Do you come from a big family? If you are an American, statistically speaking, probably not. In 2019, the U.S. Census Bureau reported that the average family consisted of 3.14 persons in 2019, which is tiny, considering the size of the average household in 1850 was around 5.5. I was thinking about these numbers recently in relation to the pandemic. Many families today are split up in the wake of the quarantines. Additionally, I have a number of single friends who are living alone in quarantine. While restricting movement can be hard for anyone, it can be an excruciating exercise when you are discouraged from visiting those who are closest to you.
As silly as it is to say, historically, families all used to live in one place. Large, close families increased one’s chances at survival. In medieval times, a strong network of kinship provided you with vital resources including, most importantly, defense. More recently, and still in developing countries, children are an asset. Children from appalling young ages by today’s standards would work on the farm, help out with the family business, and even provide basic childcare. Industrialization brought sweeping changes to the role of the family. While the family was once thought of as a unit of production (i.e. family members contribute to the family’s well being), gradually the family became a unit of consumption (i.e. family members exhaust family resources [most notably children]). In short, a large family became more of a liability than an asset. Over time, as industrialization and education levels increased, the rate of infant mortality decreased, and with the advent of reliable contraception, we begin to see the modern family structure emerge, where parents provide for a small number of offspring and such offspring have minimal duties until adolescence or even adulthood.
Today, a freedom to move around means that families are more spread apart. Children live in different cities, states, and countries from their parents and marry partners who come from different communities than their own. With the ongoing pandemic, families can be completely split up. I imagine that if the pandemic had occurred 200 years ago (and somehow magically spread as quickly without the aid of airplanes), many of us would not be facing the quarantines alone. All of my single millennial-aged friends would probably all have been married by their ages (26 – 34) if this were the 1800s. In fact, these young adults would likely already have a few children cooped up in cramped quarters with them.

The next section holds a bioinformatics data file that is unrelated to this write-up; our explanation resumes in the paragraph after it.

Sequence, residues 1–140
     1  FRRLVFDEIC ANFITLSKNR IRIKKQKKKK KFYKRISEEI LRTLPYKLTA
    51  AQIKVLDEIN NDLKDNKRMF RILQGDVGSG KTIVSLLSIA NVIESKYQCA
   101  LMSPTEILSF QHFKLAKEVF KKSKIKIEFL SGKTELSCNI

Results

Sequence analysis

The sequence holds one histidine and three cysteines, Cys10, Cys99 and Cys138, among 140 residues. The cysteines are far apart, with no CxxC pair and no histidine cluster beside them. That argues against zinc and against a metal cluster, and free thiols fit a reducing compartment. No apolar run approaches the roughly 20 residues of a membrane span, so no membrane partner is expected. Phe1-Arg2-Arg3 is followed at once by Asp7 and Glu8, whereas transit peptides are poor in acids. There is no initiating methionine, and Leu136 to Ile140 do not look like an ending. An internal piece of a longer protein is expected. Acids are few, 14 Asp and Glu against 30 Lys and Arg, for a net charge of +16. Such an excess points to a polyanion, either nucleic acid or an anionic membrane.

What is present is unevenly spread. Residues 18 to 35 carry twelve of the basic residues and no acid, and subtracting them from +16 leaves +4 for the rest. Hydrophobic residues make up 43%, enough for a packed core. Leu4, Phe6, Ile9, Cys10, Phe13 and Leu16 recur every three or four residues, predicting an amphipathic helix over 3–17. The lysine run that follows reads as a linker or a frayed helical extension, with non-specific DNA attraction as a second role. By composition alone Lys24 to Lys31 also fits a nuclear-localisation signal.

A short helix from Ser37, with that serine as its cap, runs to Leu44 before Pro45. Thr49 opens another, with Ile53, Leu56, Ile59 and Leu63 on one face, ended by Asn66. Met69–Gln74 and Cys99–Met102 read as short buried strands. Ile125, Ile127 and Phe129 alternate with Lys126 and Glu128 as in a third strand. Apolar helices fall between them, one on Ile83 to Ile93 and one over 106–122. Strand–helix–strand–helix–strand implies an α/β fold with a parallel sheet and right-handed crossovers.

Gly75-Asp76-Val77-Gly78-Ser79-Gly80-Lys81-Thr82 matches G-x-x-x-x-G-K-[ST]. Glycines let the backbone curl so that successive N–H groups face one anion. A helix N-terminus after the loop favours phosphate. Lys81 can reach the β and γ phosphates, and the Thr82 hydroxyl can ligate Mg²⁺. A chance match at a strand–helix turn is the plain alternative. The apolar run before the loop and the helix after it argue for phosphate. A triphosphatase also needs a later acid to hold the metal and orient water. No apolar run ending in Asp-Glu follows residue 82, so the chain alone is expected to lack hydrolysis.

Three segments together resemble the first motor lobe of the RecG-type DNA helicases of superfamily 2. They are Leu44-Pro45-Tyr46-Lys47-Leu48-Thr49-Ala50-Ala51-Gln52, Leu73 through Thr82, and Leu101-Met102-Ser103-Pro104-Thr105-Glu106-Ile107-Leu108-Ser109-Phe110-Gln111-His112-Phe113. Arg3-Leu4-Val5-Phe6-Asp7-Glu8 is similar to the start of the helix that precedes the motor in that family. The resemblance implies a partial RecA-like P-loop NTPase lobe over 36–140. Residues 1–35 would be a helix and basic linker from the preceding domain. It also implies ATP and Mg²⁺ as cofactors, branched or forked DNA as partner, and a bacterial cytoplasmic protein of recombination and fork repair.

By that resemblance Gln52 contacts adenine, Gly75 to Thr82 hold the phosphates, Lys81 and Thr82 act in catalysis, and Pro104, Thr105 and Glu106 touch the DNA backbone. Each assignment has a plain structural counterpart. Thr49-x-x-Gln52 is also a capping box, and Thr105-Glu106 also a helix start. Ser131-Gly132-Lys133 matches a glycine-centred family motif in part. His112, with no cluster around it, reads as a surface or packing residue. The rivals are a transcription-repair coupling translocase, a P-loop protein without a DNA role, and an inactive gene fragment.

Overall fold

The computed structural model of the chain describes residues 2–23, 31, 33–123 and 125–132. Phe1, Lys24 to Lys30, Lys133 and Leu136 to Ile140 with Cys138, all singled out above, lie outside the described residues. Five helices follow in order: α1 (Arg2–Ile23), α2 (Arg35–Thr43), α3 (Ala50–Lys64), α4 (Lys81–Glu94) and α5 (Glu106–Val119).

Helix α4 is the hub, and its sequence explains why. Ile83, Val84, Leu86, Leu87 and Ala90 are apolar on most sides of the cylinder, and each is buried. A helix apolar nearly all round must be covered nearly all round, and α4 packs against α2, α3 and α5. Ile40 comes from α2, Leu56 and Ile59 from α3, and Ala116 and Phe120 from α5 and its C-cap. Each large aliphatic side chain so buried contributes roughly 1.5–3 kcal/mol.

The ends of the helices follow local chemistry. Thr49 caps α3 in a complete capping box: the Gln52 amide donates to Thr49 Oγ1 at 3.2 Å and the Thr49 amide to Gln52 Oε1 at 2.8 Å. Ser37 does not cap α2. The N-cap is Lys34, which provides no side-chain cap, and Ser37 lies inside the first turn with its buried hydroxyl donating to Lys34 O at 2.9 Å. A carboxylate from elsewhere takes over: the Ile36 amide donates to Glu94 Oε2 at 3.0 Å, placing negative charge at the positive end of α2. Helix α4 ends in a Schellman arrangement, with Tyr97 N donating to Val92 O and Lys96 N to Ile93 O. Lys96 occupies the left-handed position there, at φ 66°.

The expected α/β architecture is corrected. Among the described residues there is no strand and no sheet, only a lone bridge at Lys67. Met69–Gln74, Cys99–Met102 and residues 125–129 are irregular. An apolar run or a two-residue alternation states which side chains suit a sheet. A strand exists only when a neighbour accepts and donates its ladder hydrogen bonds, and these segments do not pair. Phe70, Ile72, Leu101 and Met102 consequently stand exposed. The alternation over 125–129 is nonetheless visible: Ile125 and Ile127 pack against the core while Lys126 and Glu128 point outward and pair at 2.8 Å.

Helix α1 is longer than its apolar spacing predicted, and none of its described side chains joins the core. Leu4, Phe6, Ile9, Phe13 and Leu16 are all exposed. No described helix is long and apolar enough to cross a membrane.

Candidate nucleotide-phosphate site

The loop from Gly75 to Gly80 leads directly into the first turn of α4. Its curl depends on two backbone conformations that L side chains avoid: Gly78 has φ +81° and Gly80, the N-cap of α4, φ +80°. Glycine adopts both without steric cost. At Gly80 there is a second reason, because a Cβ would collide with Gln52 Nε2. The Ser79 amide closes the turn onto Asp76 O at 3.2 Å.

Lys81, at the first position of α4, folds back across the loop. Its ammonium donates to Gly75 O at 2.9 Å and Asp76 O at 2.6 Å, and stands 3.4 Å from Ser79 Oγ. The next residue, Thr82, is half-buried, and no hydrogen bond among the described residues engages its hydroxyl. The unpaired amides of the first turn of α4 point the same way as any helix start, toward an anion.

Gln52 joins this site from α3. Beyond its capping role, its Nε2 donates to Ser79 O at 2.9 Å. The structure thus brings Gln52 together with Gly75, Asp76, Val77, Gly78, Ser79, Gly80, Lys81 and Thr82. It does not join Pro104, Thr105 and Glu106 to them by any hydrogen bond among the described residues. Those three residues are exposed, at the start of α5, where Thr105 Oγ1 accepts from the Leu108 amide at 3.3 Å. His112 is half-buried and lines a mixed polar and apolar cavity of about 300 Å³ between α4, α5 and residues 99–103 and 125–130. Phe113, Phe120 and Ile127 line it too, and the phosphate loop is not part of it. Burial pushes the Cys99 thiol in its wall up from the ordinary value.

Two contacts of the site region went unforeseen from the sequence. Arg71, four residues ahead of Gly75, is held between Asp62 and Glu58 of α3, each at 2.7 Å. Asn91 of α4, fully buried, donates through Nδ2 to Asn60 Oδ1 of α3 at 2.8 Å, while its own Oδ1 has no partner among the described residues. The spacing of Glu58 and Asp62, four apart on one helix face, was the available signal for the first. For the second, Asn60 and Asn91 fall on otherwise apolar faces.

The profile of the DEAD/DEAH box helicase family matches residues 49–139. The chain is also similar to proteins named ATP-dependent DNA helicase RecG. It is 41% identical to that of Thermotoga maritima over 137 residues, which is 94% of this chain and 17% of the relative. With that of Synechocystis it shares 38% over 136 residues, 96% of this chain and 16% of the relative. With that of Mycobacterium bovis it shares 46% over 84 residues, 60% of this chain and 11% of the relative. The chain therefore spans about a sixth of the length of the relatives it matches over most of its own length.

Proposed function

I have seen a barrage of lovely videos featuring children visiting grandparents from behind glass and birthday ‘drive by’s’ for kids. Our families are smaller and more spread out today, but the connection is still there. The pandemic has erected physical barriers between us, however, at the same time, I feel that nowadays more families are somewhat distanced even without the pandemic. In a weird, perverse way, I feel that the panic around the pandemic has compelled people to reach out more to loved ones even if they cannot physically see them. I, myself, and many of my friends who live away from home, go several days (and, at times, weeks) without contacting a family member outside of a few text messages. It feels as if there has always been some distance between us and our families; the pandemic just legitimizes this gap. On the other hand, however, many of us are experiencing the exact opposite—we are spending every waking (and sleeping) hour with our immediate family. Near or far, the pandemic is a good time for reflection.
Once our movement is again unrestricted, how will you manage your closest relationships? Will you visit more often? Call more regularly? Or, for those of you who have been in quarters too-close-for comfort with your family, perhaps, you will consider a solo vacation to wherever! (I kid.)
Either way, I hope you have the support you need during this difficult time.